Describe your overall creative processes. How and when does inspiration strike?

Kat:Inspiration comes from everything. We’re inspired by all the different things we’ve done in our lives and the places we’ve lived and traveled. I think we can both agree that our current collection wouldn’t have happened if we weren’t in L.A. The pieces have both the earthiness and graphic punch that you can see and feel in this city.

Kat in front of her inspiration wall.

How do you separate shop talk from pillow talk at home?

Roger:Being able to disconnect is a major thing for us – we know how to separate our work and our leisure life. We’ve been fortunate to travel to some incredible places, unplug and reset our lives so we can get back to our relationship as Kat and Roger.

Kat:Working together and living together can be really hard, and that’s why we prioritize taking breaks. But there isn’t that much separation between what we do and how we live. We like what we do as artists, so if we go home and talk about work, it’s not a bad thing!

What has been something surprising about working together?

Roger:Kat’s always coming up with new creations, pallets and patterns that surprise me. She’s great at keeping her thoughts moving fluidly. She’s great at sharing and responding to what I’m doing. There’s a real connection there.

Kat:Roger has the mind of an engineer. He comes up with the most inventive solutions – like a tool to make trimming easier or a heat barrier for the kiln. His systems of making production more efficient are something I admire because I’m the complete opposite! I will do something the longest and hardest way…then he’ll come over and offer one tip that cuts the time in half.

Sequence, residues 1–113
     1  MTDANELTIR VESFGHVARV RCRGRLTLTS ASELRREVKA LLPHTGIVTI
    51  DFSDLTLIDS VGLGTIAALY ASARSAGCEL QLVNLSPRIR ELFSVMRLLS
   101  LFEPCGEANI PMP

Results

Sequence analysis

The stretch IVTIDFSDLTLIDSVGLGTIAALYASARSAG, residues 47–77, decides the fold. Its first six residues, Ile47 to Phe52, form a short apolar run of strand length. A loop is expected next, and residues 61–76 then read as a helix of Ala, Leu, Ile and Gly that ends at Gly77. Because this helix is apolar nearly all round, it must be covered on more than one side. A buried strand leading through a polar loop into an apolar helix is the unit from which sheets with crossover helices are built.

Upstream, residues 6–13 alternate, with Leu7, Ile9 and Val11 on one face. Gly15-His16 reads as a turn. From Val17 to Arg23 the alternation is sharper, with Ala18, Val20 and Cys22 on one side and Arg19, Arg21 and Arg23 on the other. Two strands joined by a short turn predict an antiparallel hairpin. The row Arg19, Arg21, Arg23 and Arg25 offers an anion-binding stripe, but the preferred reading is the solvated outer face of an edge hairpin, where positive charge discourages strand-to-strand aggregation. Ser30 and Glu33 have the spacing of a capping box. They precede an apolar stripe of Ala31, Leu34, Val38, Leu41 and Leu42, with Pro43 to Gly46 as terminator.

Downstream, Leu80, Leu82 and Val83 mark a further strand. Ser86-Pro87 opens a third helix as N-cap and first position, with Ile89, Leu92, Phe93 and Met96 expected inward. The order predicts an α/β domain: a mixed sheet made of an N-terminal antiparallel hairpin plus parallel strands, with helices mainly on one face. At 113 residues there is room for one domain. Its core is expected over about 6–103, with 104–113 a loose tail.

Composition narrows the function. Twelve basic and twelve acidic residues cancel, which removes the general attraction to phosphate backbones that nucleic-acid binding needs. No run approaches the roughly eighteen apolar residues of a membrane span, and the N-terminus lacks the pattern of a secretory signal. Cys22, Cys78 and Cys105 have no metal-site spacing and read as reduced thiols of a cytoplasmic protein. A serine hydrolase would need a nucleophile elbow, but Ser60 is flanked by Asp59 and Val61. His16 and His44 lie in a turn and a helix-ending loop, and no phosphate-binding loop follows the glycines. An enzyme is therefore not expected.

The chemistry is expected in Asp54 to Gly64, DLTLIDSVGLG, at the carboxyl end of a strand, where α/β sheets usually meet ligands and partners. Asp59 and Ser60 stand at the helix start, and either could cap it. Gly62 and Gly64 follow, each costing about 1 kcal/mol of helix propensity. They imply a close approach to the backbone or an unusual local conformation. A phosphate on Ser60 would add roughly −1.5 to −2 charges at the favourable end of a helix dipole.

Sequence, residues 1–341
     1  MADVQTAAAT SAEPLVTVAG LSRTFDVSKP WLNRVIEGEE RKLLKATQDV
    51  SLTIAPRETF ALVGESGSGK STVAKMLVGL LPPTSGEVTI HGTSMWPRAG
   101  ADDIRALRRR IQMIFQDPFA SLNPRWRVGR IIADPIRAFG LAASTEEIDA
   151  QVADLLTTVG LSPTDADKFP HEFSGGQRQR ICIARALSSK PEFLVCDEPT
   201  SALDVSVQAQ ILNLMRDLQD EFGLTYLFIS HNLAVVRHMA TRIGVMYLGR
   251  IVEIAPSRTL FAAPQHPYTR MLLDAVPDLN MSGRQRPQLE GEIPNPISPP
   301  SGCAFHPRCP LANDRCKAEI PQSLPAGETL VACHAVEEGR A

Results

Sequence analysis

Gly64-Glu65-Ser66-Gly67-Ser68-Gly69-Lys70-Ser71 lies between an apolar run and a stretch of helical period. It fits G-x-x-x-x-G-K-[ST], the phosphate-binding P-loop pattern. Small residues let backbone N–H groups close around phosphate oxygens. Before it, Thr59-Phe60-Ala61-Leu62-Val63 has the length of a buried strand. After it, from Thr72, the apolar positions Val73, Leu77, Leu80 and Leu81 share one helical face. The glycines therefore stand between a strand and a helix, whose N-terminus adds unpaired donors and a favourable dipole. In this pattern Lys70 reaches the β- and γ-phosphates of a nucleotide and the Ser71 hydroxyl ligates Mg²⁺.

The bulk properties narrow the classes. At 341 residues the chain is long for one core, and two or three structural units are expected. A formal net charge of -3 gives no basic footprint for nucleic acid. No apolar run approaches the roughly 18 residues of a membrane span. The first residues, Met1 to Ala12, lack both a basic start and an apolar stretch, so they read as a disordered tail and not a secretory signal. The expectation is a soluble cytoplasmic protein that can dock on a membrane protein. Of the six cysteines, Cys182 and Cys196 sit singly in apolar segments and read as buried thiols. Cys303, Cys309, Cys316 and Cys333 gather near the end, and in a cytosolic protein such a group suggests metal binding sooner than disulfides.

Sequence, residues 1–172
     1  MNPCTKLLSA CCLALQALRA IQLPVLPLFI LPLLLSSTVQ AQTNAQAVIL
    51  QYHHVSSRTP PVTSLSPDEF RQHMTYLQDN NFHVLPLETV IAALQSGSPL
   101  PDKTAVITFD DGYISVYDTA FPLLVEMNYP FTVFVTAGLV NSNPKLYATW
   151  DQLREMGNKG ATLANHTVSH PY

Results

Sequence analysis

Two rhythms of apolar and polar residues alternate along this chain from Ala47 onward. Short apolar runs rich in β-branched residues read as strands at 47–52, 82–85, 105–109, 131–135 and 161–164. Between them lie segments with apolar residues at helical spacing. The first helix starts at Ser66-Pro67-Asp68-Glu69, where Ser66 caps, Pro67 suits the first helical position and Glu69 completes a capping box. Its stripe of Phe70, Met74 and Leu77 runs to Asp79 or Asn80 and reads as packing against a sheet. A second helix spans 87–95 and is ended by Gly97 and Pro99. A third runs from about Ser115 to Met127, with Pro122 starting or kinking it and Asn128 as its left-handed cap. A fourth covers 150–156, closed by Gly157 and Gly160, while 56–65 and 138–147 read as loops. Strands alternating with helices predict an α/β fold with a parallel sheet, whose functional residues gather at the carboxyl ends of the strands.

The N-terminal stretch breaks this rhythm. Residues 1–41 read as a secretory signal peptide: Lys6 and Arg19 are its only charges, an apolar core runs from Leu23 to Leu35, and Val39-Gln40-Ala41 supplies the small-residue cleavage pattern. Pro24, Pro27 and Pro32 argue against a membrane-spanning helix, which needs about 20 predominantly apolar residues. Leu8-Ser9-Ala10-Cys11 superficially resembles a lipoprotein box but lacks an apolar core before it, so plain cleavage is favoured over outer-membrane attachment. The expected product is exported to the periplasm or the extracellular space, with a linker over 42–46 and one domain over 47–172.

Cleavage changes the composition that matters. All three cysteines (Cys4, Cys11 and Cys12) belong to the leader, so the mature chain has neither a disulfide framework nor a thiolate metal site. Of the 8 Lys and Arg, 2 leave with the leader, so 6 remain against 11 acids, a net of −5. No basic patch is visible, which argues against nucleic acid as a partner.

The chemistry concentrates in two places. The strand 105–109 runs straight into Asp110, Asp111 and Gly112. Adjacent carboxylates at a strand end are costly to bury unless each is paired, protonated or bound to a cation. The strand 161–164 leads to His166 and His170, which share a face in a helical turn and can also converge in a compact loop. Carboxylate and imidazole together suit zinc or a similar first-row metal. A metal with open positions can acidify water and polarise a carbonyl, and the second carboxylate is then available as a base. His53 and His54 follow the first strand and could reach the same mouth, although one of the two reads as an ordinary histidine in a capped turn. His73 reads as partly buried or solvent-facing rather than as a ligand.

Kat and Roger studio

Your brand recognition has grown a lot the past few years. How do you maintain creative integrity while scaling your business?

Roger:We didn’t start off thinking of it as a brand – it’s simply a continuation of us. We work hard to preserve what we’re making and creating.

It’s important to think about what you want your legacy to be. We’ve always been in it for the long term. We want to grow while continuing to enjoy what we’re doing.

How long does a Kat & Roger piece take from start to finish? How many ceramics do you make a week?

Roger:When someone asks that question, I always say, “It’s taken me 20 years to make this piece.” Anyone can throw a two-minute mug – that doesn’t mean it will be functional. We’ve taken our time to master our crafts.

Kat:We’ve been doing this for a while now so we’re pretty quick day-to-day. Production requires a certain pace – it can’t take three hours to paint one mug! Our process is figuring out how to make things faster but without sacrificing quality.

Any tips for other creative entrepreneurs?

The biggest thing we’ve learned is when to say no to projects and how important it is to protect your artistic integrity. It’s not worth losing your voice or identity just to land a job. Those are things we think about every day.

[Ed. note: This collection has sold out.]